Sat October 27, 2012
'Lemon': From Rikers To N.Y.'s Famous Public Theater
Originally published on Sun October 28, 2012 11:24 am
His story begins a decade ago in Brooklyn, where he grew up fighting in New York's public housing before discovering another kind of power. After three felony convictions and time served at Rikers Island, Lemon Andersen didn't have many places to turn except to his words. Now he's a Tony Award winner with a rave-reviewed one-man show called County of Kings.
He spoke with weekends on All Things Considered guest host Jacki Lyden about his life and the new independent documentary film about it, called simply, Lemon.
On his name, Lemon
"I'm a half-breed, you know. I am Puerto Rican and Norwegian from decent, and I grew up — born and raised — in New York City, and I stood out amongst my friends in my community, I was very blond-haired, white — and 'Lemonhead' was the name they gave me."
On the influence of his mother
"My mother, Millie, she was extremely liberal, from traditional Puerto Rican upbringing, you know, so there wasn't South Side in my house growing up. There was disco music and zodiac signs on the wall. She brought me out to dance, and you know, I was dancing with my mom at a young age.
"She taught me about soul and music, and she took me to parties in the street. Of course there was a kind of backlash to that lifestyle. She was getting high, and it was during the time when AIDS — it was really bad. It came down on my mother. We led a whole different life once the AIDS epidemic came.
"It's really about honor for me. I owe it to my mother, she just put a lot of fire in me. So when I'm onstage, and you see that side, it's really because I've been really blessed to have a mother who taught me how to fight hard."
On discovering poetry
"I was in a juvenile detention center at Rikers Island and there was an anthology written by the inmates called The Pen, and, you know, I had a crush on a girl and she left me when I was incarcerated, and I found this poem in this anthology that talked about having your heart broken and being incarcerated, so I related to the poem so much that I started to take on more poetry. And I found out that poetry was really beautiful at putting these thoughts and words together when you couldn't do it yourself. ... It showed up like a boss, like when you're looking for a job, and you're knocking on all these doors and no one wants to hire you, and you're tainted with a past, so poetry showed up. ... Then I found out that poetry and theater have had a relationship for hundreds, if not thousands, of years, so I am part of carrying that torch."
From fame to food stamps
"It was tough on me more than actually losing my mom growing up because I had children, and so this opportunity to ... write a new chapter in my life came, and I started to develop this staged memoir, and the next thing you knew I really found my kind of position in the sun, as I call it."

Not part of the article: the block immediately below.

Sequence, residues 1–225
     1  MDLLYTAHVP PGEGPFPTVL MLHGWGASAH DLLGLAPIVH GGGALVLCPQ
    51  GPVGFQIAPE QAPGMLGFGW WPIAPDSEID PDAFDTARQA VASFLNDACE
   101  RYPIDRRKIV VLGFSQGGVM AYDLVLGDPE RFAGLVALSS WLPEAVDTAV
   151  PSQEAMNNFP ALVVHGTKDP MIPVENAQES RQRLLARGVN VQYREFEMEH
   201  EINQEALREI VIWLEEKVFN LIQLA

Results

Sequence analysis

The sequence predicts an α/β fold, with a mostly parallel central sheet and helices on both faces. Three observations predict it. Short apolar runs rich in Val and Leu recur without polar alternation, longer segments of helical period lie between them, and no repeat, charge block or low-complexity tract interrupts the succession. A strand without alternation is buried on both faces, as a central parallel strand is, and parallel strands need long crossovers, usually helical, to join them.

JACKI LYDEN, HOST:
This is WEEKENDS on ALL THINGS CONSIDERED from NPR News. I'm Jacki Lyden. This story begins almost a decade ago in Brooklyn when a kid who grew up fighting in the projects discovered another kind of power. After three felony convictions and time served at Rikers Island, Lemon Andersen didn't have many places to turn, except to his own words.
(SOUNDBITE OF TV SHOW, "DEF POETRY JAM")
LYDEN: He was the most popular poet on HBO series "Def Poetry Jam."
(SOUNDBITE OF TV SHOW, "DEF POETRY JAM")
LEMON ANDERSEN: I'm from the County of Kings, where every day we know we fortunate if we see another morning. We take our nieces, our nephews, put them under our wings, send them out in that world, hoping they keep that grass green.
LYDEN: Now, he's a Tony Award winner with a rave-reviewed, one-man show called "County of Kings." This past week, the independent documentary film "Lemon" aired on PBS. It's also been on the indie film circuit in theaters. Lemon Andersen joins us from New York. Welcome to the program.
ANDERSEN: Hello. It's great.
LYDEN: First of all, why do they call you that, Lemon?
ANDERSEN: Well, I'm a half-breed. You know, I'm Puerto Rican and Norwegian from descent, and I grew up, born and raised in New York City, and I stood out amongst my friends in my community. I was very blond-haired, white, and Lemonhead was the name that they gave me.
LYDEN: Both your parents are gone early in your life, and the relationship you have with your mother really informs your work. Tell me a little bit about her.
ANDERSEN: You know, my mother, Millie, she was extremely liberal from traditional Puerto Rican upbringing, you know. And so there wasn't salsa in my house growing up. There was disco music and zodiac signs on the wall. She brought me out to dance and, you know, I was dancing with my mom at a young age. She taught me about soul and music, and she took me to parties in the street. Of course, there was a backlash to that kind of lifestyle. And she was getting high, and it was during the time where AIDS, you know, was really bad. It came down on my mother.